The land of cultural diversity. San Francisco just seems to have a little bit of everything- interesting people, beautiful gardens, inspiring architecture, history and lots and lots of hills. Our hotel was in Union Square at a place called Hotel Diva. It is one of those boutique hotels that doesn’t offer much in way of amenities but is hip and funky and centrally located. And of course, attached to a Starbucks.
It’s no wonder San Francisco is one of the most expensive cities to live in. Parking fees alone will cost you a weeks worth of pay! But you do what you have to do to get around and explore the city. Since we were downtown, we spent the first couple of days walking everywhere. I think a lot of people learn to throw foot fashion out the window in exchange for comfort and practicality. Up and down, up and down, the streets wave and your legs begin to ache. We ventured from the hotel into Chinatown, poking our heads in and out of shops full of exotic treasures. It truly does give you the sense of what it might be like to be in China.
Soon we found ourselves down by the water on the Embarcadero following the sightseeing tourists and watching the day to day routines of the locals. We entered the enticing commotion of the One Ferry Building, full of goodies. We perused the gourmet markets trying to decide which mouth watering items would be lucky enough to make it home with us that evening. And the chocolate markets win! (when do they not?) We came across the first and selected a few delectable pieces, paid and savored. But wait- there was another chocolate shop! Well we couldn’t deny ourselves the opportunity to browse their selection also- that would just be rude! So once again, we carefully chose and purchased a few more heavenly morsels of chocolatey goodness.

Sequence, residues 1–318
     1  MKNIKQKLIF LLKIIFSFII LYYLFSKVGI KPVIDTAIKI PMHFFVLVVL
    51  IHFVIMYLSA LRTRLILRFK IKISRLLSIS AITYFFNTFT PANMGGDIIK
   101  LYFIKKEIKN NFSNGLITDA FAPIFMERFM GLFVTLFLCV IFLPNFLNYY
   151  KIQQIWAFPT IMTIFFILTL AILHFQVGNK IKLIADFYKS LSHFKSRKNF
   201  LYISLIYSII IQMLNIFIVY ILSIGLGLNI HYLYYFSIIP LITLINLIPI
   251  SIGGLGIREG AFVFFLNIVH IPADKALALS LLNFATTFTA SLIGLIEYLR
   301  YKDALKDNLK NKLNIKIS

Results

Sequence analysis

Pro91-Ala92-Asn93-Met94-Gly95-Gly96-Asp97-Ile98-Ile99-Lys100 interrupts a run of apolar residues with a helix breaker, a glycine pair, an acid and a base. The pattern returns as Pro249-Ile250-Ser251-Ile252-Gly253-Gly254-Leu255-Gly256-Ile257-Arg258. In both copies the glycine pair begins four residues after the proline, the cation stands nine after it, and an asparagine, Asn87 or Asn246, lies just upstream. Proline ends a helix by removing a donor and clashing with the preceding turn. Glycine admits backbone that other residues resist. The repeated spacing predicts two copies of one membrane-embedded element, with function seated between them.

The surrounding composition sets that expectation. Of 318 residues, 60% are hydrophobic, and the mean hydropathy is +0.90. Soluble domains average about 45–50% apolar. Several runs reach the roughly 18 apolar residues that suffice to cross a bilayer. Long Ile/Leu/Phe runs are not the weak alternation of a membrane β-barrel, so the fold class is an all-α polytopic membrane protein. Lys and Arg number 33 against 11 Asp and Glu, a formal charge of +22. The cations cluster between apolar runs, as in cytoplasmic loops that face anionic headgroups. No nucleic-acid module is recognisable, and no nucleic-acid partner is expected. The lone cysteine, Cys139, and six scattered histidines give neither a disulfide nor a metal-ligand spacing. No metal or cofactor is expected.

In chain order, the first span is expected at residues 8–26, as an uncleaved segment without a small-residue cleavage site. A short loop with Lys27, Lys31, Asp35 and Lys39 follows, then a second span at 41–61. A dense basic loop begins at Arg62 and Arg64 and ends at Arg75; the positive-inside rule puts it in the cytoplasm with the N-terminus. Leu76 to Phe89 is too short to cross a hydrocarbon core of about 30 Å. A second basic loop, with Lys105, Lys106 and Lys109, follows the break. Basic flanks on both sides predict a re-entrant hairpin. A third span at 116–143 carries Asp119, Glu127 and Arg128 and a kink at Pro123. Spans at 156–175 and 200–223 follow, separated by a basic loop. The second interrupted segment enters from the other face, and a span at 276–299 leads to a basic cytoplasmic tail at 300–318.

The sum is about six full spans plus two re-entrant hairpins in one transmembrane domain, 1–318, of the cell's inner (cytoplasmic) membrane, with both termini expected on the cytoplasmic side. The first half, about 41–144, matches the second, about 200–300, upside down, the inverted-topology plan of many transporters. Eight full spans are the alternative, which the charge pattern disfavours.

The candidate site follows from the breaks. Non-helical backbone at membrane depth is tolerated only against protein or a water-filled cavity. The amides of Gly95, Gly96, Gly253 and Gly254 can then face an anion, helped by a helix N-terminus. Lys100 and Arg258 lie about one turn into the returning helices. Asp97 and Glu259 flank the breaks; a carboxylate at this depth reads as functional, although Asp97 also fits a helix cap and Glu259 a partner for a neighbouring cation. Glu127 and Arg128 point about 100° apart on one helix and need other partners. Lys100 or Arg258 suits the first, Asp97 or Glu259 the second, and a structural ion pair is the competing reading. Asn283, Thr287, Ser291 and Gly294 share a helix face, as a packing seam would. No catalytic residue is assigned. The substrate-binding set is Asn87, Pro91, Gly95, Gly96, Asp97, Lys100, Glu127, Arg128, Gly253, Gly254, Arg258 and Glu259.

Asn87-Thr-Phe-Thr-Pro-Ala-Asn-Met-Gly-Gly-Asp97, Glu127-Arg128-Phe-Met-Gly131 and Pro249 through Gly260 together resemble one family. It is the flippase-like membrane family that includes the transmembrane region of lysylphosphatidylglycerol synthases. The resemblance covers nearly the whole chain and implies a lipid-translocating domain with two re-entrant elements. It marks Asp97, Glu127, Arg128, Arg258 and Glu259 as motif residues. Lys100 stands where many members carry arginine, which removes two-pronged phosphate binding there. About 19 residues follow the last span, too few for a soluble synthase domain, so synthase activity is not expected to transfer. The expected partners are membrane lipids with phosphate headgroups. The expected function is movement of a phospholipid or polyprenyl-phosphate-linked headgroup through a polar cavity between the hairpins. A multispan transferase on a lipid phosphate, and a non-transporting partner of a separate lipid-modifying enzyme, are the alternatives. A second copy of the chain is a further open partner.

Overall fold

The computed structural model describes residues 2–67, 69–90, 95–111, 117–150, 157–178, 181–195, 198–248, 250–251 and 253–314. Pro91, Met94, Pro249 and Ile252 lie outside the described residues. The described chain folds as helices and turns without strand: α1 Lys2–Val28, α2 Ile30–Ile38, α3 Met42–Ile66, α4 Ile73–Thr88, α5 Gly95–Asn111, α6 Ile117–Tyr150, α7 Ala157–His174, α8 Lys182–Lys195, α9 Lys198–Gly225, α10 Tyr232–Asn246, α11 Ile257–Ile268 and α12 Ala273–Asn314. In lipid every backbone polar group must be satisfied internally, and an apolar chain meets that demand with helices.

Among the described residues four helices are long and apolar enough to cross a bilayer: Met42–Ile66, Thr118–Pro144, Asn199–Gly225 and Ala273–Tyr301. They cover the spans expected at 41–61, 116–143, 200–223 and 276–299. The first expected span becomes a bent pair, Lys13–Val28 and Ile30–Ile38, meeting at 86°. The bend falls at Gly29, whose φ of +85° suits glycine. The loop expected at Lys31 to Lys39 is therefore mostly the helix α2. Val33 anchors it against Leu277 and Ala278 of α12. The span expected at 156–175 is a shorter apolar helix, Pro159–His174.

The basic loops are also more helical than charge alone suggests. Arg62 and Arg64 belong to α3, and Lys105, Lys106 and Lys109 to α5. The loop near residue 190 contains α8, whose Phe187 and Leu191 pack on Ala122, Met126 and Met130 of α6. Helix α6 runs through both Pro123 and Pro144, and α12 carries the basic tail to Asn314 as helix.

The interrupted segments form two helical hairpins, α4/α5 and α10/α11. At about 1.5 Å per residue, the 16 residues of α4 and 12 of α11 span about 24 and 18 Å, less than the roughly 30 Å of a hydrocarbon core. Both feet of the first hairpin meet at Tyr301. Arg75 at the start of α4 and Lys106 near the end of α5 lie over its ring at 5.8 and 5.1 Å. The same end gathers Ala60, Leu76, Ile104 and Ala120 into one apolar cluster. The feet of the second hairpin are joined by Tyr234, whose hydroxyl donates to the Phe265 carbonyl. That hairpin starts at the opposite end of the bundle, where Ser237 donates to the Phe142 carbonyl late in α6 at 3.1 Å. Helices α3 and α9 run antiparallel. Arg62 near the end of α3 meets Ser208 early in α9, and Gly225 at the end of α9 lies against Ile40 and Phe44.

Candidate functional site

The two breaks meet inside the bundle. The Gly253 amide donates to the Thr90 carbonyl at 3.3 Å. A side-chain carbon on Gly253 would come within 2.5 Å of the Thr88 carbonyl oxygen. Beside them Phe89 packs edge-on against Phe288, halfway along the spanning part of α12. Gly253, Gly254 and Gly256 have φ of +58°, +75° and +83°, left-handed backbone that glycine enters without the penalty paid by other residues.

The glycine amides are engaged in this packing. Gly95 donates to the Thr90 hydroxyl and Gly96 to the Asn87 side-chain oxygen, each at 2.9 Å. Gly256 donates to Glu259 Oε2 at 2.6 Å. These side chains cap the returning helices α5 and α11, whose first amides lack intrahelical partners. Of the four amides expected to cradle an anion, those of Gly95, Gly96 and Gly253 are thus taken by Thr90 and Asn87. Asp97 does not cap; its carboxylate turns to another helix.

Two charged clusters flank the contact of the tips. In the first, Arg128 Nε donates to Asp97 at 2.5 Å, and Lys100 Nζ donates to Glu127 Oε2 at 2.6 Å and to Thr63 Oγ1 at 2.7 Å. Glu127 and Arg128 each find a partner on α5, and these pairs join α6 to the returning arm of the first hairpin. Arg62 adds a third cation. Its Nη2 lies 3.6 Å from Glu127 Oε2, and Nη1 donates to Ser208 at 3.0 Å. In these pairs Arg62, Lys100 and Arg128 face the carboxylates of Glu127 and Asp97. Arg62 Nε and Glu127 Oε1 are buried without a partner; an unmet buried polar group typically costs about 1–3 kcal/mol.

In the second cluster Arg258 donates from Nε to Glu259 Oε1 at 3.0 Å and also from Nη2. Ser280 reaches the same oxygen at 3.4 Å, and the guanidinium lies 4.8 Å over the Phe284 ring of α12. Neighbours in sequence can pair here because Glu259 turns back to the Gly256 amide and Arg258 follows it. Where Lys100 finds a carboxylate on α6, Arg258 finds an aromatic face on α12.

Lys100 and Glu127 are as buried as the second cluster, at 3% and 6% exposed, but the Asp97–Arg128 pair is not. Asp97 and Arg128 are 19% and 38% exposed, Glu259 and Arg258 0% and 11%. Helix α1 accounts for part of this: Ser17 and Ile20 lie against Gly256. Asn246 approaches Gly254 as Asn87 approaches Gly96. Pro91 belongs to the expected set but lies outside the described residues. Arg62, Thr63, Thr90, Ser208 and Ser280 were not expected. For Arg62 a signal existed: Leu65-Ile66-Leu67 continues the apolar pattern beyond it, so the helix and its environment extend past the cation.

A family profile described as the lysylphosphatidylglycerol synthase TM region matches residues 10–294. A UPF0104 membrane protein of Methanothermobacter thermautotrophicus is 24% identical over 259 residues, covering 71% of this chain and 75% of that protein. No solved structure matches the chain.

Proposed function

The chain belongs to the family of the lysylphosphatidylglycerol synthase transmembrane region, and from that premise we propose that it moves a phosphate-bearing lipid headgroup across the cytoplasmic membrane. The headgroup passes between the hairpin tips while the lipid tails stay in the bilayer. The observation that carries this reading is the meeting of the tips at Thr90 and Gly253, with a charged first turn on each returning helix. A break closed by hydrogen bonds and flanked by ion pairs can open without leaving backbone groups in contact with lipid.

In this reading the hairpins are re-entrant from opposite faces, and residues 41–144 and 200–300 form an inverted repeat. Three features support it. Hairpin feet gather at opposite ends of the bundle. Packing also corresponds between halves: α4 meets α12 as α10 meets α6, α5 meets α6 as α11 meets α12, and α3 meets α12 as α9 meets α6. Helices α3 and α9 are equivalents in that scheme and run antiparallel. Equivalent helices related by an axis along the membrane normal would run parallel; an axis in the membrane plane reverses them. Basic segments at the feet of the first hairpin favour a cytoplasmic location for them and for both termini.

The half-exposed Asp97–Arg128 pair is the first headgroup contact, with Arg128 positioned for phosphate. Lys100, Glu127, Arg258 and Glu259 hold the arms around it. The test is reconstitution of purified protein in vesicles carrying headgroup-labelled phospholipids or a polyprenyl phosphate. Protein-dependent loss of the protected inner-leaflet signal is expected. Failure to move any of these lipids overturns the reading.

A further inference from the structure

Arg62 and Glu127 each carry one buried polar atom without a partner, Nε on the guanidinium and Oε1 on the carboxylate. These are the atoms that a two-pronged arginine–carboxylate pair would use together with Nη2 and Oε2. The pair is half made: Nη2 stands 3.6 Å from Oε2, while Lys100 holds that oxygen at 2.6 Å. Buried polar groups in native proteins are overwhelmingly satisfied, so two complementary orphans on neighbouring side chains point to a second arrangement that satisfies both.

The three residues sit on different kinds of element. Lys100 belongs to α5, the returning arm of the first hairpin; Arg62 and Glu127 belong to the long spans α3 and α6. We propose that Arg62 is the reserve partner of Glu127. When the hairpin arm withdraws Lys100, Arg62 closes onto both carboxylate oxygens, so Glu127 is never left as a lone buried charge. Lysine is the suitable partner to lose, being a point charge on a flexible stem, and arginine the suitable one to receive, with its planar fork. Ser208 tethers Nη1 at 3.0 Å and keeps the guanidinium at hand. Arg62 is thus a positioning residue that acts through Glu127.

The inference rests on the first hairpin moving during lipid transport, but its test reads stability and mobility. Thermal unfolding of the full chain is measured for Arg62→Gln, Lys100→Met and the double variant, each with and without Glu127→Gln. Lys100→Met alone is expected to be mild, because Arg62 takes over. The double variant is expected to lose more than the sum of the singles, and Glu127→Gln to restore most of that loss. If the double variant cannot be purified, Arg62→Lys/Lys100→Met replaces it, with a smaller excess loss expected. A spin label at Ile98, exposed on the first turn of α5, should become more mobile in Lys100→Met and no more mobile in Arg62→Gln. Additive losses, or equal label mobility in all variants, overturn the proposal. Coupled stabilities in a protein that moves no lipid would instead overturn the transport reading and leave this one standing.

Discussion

The next day was well spent with much time in Golden Gate Park. First was the Conservatory of Flowers. I have always been a flower lover and wanted to immerse myself in floral abundance. It was a nice but extreme change coming from desert to humid and tropical air. Orchids, heliconias and towering palms facilitated our stroll through this magnificent building. Afterwards, we both were excited to see the Japanese Tea Gardens and spent the next couple of hours marveling at the lush green, soothing waters and intricately carved pagodas. Within the gardens is a tea house to enjoy a tea ceremony or just a warm drink and snackables. Sean had the most aromatic jasmine tea while I enjoyed a delicious hot chocolate. Then we experienced the most interesting type of Japanese dessert. It was made from rice, turned into this odd paste-y consistency, flavored and shaped into little squares. The strawberry was my favorite but overall I don’t know that it was something I really feel the need to ingest again.
The night ended in the Haight-Ashbury district (where you can apparently check out the house the the Grateful Dead used to live in) and had dinner at a mediterranean restaurant called Kan Zaman. It was difficult not to take a nap while in there as the seating area was plush with cushions and pillows. Not the ideal type of seating for digestion but it makes for quite a cozy atmosphere. We dined on our varied selection of tapas style dinner and soon the belly dancer shimmied her way into the dining area. I have always admired and enjoyed watching this particular form of dance. It is exotic, magical and embodies woman in her truest sense. This was also the first time I have slipped a couple of $1’s into anyone’s- well, anything!
I find San Francisco a real treasure. I imagine it will take us many more trips to enjoy all of the things we have yet to see and do. Farewell, San Fran. We enjoyed you immensely and shall one day return.